Issue 120, page 2

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Words to the Wise

Your Etymological Queries Answered

From From Shreeram Shetty:

I heard that the word agnostic was coined by Thomas Huxley.  Is this true?  Or did he just give it its present meaning?

T.H. Huxley.  Click to follow the link.R.H. Hutton, in a letter of March 13, 1881, claimed that T.H. Huxley (1825-1895) suggested the word  agnostic to encompass his belief that God was unknowable.  He built the word using gnostic, which came from Greek gnostikos "pertaining to knowledge", and added the prefix a- "not".  The word was not known in Greek as, in Greek, the ending -ikos was not used with the prefix a-.  Anyhow, Huxley coined the term in response to the religious gnostics of his time, who felt that God was knowable.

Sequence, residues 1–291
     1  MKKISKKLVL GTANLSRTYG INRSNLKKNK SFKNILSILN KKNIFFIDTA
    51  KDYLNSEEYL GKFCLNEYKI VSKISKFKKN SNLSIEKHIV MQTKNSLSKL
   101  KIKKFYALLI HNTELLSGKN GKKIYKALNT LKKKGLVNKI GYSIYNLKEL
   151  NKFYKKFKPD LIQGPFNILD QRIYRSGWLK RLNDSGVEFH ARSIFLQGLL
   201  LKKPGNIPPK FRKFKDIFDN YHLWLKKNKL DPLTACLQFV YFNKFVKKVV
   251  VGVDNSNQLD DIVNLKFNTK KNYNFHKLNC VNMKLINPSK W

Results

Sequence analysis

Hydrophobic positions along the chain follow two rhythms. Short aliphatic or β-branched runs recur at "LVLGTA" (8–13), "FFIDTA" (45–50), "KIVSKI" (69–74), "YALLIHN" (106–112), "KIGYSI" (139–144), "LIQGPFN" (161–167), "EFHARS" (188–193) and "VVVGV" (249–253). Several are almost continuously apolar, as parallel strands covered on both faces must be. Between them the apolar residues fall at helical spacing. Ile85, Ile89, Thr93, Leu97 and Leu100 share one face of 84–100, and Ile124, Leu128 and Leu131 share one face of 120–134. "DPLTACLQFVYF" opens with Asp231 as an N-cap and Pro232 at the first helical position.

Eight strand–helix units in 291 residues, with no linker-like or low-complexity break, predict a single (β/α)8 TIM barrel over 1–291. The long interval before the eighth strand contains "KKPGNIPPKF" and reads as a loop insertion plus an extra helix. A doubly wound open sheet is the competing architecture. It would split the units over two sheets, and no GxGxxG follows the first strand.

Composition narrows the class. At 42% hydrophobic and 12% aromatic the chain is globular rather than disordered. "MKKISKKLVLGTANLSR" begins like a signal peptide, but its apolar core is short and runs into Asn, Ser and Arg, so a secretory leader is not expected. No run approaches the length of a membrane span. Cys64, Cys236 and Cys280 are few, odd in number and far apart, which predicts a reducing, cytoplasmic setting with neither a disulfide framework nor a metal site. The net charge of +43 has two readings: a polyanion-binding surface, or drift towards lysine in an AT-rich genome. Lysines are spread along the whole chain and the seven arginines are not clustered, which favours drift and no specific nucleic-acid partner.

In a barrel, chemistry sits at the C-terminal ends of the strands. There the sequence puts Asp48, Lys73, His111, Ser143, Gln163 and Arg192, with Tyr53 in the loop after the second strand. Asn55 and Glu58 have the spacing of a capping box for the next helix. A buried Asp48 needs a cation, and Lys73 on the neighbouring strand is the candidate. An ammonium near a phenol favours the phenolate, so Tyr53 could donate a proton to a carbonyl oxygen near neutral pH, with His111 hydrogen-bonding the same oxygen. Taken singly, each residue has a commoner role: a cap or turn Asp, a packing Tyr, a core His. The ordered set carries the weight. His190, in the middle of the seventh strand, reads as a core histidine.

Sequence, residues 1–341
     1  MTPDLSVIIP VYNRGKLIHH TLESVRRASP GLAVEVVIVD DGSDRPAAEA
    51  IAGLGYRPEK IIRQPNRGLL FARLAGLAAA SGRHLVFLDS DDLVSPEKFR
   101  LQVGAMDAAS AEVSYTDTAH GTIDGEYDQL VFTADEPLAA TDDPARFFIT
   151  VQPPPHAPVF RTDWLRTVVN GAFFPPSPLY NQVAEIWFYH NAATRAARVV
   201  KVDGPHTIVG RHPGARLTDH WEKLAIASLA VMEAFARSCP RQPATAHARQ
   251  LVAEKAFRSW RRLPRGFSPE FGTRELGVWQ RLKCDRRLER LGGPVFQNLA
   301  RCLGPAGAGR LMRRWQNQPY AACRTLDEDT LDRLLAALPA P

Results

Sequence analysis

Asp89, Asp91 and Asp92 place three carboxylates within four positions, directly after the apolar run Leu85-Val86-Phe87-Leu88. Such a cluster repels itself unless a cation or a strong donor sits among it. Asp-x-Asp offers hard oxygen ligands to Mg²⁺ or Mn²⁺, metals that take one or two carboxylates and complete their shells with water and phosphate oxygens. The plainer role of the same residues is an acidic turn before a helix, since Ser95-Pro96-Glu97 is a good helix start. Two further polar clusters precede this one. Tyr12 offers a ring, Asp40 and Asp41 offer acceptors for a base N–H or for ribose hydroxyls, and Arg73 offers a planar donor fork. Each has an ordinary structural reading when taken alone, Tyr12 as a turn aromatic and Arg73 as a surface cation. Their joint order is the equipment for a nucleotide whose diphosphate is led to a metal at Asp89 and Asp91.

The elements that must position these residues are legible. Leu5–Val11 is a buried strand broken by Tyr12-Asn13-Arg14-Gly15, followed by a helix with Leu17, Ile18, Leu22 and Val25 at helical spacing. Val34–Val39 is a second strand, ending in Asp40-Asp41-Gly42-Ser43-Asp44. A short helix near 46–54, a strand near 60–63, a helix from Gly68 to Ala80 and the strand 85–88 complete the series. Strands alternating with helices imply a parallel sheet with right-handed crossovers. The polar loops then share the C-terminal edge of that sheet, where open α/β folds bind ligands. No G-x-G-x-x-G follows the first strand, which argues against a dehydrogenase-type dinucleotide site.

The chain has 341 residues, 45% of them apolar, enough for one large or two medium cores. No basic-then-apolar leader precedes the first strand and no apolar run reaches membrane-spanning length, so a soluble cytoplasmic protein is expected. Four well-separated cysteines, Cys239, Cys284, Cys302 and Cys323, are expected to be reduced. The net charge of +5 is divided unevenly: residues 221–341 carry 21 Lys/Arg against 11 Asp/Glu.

T.H. Huxley was the grandfather of Aldous Huxley and a friend of Charles Darwin, as well as a  supporter of Darwin's theories.  His works and views on religion, philosophy and evolution greatly influenced the major thinkers of the 19th century.

R.H. Hutton was, by the way, editor of the Spectator and wrote mostly theological essays.  He has preserved, in his 1881 letter, a description of exactly when Huxley supposedly first uttered the word agnostic publicly: 

Suggested by Professor Huxley at a party held previous to the formation of the now defunct Metaphysical Society, at Mr. James Knowles's house on Clapham Common, one evening in 1869, in my hearing. He took it from St. Paul's mention of the altar to "the Unknown God".

From Jamie Vitonis:

I would like to know the origin of loophole.

The narrow, slit-like windows often found in Medieval castles were called loopholesLoop is a now obsolete word for "window", so a loophole was a "window hole".  These narrow windows were used for defense of the castle - it was easy to launch arrows and other projectiles out of the castle through such slits, but awfully difficult to get them in.  So it would make sense that this word might come to mean "some means of escape" and then "some technicality that allows one to evade some consequence of a contract".